But first, undivided attention belongs to The Naked Hearts, a Brooklyn-based guitar ‘n drums duo who would give The Vaselines a run for their money with a little name checking from Kurt Cobain and a screeching dose of feedback. This of course is impossible – the band’s taught, melodic style allows no room for noise excursions.
With “Mass Hysteria,” guitarist Amy Louise Cooper and wingman percussionist Noah Linn Wheeler prematurely raised the bar for everything that followed, proving with a raw, minor-key rocker that not all people with three names (think Wolfgang Amadeus Mozart, John Paul Jones) make pretentious music. Cooper, for her part, deftly fought off a few drunken catcalls from Knockout patrons with icy riffs, while Wheeler deadpanned a load of hooky harmonies that recalled a pertinent James Murphy quote: “New York I love you, but you’re bringing me down."
Thankfully, then, Daniel Francis Doyle brought with him to San Francisco an endearingly quirky charm to accompany his iron-willed, triathlon-ian exploits. You’ve seen Doyle before – in your wildest dreams. Possessing the strength of three men, the Austin go-it-aloner worked the drum kit and the mic, but only after constructing repetitive collages of guitar clatter via Bobby Fischer-like concentration and a loop pedal. Schizoid set opener “How Can You Work?” answered the pressing question – namely, how does this work? Step 1: build a wall of sound. Step 2: be seated at drums. Step 3: mentally synch percussion and catchy, vocal melody to repeating guitar lines. Step 4: bang and shout like hell. Step 5: wipe away sweat and do it all over again. He can probably solve a Rubik’s cube, too.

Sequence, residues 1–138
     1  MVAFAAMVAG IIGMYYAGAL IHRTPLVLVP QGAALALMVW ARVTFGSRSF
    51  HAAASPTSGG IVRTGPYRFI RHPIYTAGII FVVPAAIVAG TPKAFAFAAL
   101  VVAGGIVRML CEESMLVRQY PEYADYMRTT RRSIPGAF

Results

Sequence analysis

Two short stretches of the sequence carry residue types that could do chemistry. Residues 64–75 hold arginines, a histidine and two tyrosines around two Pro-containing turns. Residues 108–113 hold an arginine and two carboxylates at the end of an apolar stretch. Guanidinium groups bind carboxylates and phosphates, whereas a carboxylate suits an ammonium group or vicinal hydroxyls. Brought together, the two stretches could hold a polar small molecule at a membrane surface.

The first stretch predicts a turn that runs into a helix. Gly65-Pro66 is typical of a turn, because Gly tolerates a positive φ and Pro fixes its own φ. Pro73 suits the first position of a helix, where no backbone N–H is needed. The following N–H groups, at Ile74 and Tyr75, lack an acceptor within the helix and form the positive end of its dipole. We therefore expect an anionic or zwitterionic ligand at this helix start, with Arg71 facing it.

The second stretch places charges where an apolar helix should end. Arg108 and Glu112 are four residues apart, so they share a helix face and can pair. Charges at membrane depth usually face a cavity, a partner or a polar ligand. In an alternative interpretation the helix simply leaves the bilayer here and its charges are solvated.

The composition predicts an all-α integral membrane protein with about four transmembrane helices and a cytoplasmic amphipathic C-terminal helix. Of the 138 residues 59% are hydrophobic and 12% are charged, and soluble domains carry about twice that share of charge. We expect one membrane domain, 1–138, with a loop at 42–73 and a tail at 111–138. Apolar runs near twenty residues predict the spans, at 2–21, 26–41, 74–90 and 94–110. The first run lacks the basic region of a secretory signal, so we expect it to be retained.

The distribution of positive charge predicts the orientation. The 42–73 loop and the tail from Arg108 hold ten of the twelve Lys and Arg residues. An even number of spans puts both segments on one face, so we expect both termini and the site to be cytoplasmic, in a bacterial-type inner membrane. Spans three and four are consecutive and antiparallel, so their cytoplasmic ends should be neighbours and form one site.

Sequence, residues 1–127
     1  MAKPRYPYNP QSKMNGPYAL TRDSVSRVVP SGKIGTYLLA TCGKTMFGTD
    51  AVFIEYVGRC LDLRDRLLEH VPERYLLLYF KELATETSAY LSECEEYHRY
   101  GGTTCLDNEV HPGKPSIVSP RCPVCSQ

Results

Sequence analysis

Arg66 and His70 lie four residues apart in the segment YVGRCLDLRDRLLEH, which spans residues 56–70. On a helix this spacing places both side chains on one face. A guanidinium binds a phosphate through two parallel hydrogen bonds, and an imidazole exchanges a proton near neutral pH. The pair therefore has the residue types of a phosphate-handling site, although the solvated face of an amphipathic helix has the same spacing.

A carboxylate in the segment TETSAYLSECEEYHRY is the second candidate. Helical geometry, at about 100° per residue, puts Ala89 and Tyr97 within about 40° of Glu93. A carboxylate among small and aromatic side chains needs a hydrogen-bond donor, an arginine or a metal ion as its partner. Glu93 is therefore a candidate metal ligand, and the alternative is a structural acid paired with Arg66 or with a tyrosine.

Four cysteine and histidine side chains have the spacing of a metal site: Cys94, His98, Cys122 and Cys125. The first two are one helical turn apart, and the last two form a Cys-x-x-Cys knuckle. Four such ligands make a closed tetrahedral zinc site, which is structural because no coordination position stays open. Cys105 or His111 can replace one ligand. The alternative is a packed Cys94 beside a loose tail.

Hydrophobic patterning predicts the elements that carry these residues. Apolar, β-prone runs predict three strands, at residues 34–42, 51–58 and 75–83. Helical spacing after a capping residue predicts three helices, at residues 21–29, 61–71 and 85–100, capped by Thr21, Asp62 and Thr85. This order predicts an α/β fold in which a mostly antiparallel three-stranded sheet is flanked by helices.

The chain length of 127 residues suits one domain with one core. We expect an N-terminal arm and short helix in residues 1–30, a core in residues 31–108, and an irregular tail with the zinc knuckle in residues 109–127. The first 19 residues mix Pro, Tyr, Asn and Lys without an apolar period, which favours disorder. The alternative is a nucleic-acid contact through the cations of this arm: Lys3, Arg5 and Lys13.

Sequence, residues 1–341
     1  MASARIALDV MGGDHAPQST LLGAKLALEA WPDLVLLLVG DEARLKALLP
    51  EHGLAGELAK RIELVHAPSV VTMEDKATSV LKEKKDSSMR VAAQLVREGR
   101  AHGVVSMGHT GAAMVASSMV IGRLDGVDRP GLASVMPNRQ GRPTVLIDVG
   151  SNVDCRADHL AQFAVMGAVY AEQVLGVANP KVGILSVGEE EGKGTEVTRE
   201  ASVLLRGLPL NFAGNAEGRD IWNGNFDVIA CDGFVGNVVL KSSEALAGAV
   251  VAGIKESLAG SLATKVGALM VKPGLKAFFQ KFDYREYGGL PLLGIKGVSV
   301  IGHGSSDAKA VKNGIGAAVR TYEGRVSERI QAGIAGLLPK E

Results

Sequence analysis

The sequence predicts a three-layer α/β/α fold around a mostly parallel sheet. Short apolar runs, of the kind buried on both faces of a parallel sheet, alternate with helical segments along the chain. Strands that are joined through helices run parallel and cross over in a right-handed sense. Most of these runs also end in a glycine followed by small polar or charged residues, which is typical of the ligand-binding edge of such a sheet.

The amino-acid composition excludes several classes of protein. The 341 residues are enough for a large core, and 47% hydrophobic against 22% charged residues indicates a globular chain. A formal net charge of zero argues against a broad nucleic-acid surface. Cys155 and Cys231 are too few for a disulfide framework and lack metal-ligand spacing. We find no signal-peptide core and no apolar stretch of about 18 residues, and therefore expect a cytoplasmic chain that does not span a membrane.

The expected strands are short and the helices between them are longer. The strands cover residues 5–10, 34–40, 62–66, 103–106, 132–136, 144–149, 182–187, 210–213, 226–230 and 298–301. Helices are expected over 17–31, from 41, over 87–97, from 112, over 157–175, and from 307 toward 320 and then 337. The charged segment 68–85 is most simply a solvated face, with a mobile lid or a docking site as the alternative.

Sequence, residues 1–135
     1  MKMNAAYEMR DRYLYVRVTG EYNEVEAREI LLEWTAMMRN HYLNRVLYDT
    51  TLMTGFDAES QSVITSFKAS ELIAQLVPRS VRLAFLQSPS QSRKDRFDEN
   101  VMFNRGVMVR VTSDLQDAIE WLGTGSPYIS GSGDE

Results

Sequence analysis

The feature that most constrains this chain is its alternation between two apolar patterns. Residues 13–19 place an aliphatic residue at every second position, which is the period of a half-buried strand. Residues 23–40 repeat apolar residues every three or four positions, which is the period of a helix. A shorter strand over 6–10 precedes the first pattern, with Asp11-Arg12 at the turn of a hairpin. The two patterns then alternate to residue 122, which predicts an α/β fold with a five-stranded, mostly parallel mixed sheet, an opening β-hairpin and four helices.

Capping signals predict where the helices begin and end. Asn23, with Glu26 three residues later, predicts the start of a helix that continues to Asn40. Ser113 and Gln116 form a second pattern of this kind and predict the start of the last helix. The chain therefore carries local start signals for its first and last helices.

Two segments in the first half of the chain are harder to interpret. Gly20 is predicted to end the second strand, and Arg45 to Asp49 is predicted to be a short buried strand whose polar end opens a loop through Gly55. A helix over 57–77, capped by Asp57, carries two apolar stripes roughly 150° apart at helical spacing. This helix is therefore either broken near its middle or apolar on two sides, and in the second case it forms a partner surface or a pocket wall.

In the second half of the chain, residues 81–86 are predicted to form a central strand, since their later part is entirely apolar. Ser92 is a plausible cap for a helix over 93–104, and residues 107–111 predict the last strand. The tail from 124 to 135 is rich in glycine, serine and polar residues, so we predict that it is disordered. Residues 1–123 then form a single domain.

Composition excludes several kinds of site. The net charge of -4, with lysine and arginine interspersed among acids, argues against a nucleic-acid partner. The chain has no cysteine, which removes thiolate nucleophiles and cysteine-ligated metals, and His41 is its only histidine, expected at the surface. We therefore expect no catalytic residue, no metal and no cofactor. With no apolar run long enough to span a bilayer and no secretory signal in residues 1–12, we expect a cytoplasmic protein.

Since That Ghost’s cut-short set of lo-fi pop gems fell prey to continued violations of noise ordinance – dude, can’t wake the Mission natives at 2 a.m. – that leaves us with a discussion of the aforementioned Kaz Nomura, a.k.a. Pwrfl Powerful, who masterfully mastered a handful of glimmering, tongue-in-cheek guitar ditties. To gain an idea of the kind of music on display here, one need only know that many of Kaz’s songs actually have “song” in their title – “Noise Song,” “Alma Song,” “Banana Song.” You get the point. The key, however, to the seemingly tossed-off silliness lies with this man’s pick-like fingers and blazing-white six-string Fender, which taken in tandem, find a middle ground somewhere between James Taylor and Jeff Buckley.
During “Nice Jacket” and the transcendent “My Coke Dealer’s Girlfriend,” Nomura plucked notes fit for King David’s harp, all while talk-singing sweet nothings about nice jackets and his coke dealer’s girlfriend. If the witty shtick doesn’t catch on here, the Seattle resident at least has his street cred intact. He is, after all, big in Japan.
Daniel Francis Doyle performing "How Can You Work" at The Knockout in San Francisco on June 16th, 2009.
-Words photos and video by Robbie Hilson